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I am a reluctant sysadmin who inherited the responsibility for configuring a RHEL 6.7 server (operating inside a VMware virtual machine) to replace an old physical server.

On this new server, certain X11 applications do not work correctly when the user is logged in to this server remotely via ssh and tunneling X protocol. Specifically, the FreeSurfer suite of neuroscience applications do not work remotely through ssh. However, if the user runs the same program with the same options as the same user in a local session on the server (accessed remotely via NoMachine instead of ssh), it runs just fine.

For example, the following command displays the right hemisphere of the brain from MRI data contained in the mySubject folder using the brain region colors designated in the aparc.annot file:

tksurfer mySubject rh pial -annotation aparc.annot

In a local session on the server, it runs without error. If the user logs in remotely via ssh -Y user@hostname (tunneling the X display to their CentOS 6 PC), the user gets the following error:

libGL error: No matching fbConfigs or visuals found
libGL error: failed to load driver: swrast

I did some digging on the net and found that these error messages are typically associated with an application that requires Nvidia drivers to be installed. I have been reluctant to install Nvidia drivers for fear of potentially screwing up the X server.

Is anyone out there running RHEL inside a VMware environment successfully with Nvidia drivers installed? If so, what was your procedure for installing the drivers in a way that maintains compatibility with the virtual machine environment?

When I run lspci | grep VGA on this server, I get the following output:

00:0f.0 VGA compatible controller: VMware SVGA II Adapter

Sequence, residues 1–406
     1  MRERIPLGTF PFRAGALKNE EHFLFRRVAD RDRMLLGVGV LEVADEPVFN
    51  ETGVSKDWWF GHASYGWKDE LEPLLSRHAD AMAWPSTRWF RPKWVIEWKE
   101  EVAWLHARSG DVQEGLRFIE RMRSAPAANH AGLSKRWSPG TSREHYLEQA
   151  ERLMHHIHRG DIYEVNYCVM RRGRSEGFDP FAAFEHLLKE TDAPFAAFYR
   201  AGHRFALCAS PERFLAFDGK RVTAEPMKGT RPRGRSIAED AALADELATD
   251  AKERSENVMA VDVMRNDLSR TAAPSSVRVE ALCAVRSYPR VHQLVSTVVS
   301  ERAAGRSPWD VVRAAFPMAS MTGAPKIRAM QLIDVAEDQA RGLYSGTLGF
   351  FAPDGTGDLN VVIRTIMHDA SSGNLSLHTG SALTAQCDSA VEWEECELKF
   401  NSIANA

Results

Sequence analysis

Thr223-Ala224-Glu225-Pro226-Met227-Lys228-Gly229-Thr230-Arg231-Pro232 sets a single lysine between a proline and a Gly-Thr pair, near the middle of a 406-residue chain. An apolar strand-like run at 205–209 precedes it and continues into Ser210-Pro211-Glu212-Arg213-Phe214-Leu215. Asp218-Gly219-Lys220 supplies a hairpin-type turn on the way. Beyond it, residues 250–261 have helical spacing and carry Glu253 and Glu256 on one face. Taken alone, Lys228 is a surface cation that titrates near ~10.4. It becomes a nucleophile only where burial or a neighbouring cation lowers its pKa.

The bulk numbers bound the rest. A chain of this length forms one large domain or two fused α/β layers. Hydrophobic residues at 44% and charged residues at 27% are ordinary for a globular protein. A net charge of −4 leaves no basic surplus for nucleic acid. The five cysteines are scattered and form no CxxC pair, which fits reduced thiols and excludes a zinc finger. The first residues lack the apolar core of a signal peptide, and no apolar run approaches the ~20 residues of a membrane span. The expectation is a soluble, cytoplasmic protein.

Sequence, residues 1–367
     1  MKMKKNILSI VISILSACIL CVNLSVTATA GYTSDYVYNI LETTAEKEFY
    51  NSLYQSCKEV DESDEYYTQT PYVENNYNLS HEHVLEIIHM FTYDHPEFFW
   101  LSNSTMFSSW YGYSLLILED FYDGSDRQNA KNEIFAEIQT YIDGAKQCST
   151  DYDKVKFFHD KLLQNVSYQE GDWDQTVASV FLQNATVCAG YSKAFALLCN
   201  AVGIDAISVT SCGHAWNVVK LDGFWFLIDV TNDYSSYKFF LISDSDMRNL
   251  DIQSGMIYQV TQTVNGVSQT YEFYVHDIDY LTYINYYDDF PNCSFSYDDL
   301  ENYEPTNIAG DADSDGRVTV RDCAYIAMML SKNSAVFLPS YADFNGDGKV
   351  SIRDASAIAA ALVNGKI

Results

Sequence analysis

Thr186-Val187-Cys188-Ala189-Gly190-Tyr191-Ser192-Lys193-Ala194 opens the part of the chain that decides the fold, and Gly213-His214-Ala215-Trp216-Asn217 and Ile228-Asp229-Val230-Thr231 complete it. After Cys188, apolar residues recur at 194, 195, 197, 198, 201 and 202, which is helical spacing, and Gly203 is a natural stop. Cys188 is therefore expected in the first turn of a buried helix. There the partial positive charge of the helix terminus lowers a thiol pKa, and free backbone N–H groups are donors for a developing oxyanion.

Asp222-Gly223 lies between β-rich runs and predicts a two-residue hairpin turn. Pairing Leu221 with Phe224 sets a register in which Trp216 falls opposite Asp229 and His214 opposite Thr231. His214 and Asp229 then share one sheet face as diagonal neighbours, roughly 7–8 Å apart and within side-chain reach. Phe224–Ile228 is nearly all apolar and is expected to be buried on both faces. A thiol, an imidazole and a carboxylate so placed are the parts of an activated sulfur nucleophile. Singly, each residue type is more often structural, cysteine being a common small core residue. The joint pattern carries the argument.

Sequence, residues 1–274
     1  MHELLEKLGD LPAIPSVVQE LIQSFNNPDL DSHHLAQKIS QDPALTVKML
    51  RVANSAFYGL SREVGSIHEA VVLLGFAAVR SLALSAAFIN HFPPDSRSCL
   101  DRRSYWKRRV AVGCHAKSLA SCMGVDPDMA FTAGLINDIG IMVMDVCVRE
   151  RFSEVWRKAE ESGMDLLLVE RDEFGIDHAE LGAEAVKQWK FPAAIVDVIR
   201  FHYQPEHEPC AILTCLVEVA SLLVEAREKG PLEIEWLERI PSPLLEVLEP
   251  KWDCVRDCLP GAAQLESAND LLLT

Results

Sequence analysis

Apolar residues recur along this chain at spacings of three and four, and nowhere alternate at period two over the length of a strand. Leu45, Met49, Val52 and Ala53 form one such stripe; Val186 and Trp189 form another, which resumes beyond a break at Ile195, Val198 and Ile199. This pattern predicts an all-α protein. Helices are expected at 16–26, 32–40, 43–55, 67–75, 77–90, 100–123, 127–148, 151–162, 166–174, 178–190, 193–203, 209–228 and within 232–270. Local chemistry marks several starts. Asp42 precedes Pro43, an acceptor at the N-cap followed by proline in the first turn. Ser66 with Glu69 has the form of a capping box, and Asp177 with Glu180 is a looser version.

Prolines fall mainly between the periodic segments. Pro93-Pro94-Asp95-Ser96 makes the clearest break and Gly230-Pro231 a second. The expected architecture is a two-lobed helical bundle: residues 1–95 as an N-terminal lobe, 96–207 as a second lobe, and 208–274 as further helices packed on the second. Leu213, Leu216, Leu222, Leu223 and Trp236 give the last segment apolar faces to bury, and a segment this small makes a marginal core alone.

• which X11 server are your remote users running when they to tunnel through SSH? – nagu Apr 4 '16 at 11:52
  • @nagu The user is running the Xorg X server, from the xorg-x11-server-Xorg-1.15.0-36.el6.centos.x86_64 package. The user has kmod-nvidia driver packages installed locally on their Linux PC (these are not installed on the server, which is inside a VM). – Matt Apr 4 '16 at 21:08
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You want to render the app remotely, and just stream the result to your node.
One solution would be to use virtualgl (possibly with turbovnc for simplicity): https://cdn.rawgit.com/VirtualGL/virtualgl/2.5/doc/index.html https://cdn.rawgit.com/TurboVNC/turbovnc/2.0.x/doc/index.html

Basically you would want to install virtualgl, install turbovnc, and follow the procedure in https://cdn.rawgit.com/TurboVNC/turbovnc/2.0.x/doc/index.html#hd009 :

Procedure

Follow the procedure described in Chapter 6 for starting a TurboVNC session and connecting to it.
Open a new terminal inside the TurboVNC desktop.
In the same terminal window, open a Secure Shell (SSH) session into the VirtualGL server:

/opt/VirtualGL/bin/vglconnect {user}@{server}

Replace {user} with your username on the VirtualGL server and {server} with the hostname or IP address of that server. Refer to the VirtualGL User’s Guide for additional vglconnect options.
In the SSH session, set the VGL_COMPRESS environment variable to rgb

Passing an argument of -c rgb to vglrun achieves the same effect.
In the SSH session, start a 3D application using VirtualGL:

/opt/VirtualGL/bin/vglrun [vglrun options] {application_executable_or_script} {arguments}

A completely different approach would be to pass the nvidia pci device through to the vm using GPU-PASSTHROUGH. This requires support from both the bios and the host OS IIRC, but would allow you to use the nvidia drivers directly inside the VM.
Please note vmware support for nvidia passthrough seems to be only for grid products, not their consumer-grade geforce products.
A few links to such solutions:

https://www.citrix.com/content/dam/citrix/en_us/documents/go/reviewers-guide-remote-3d-graphics-apps-part-2-vsphere-gpu-passthrough.pdf

https://www.pugetsystems.com/labs/articles/Multi-headed-VMWare-Gaming-Setup-564/

There are others, I'm just not sure your use case is appropriate for this approach.

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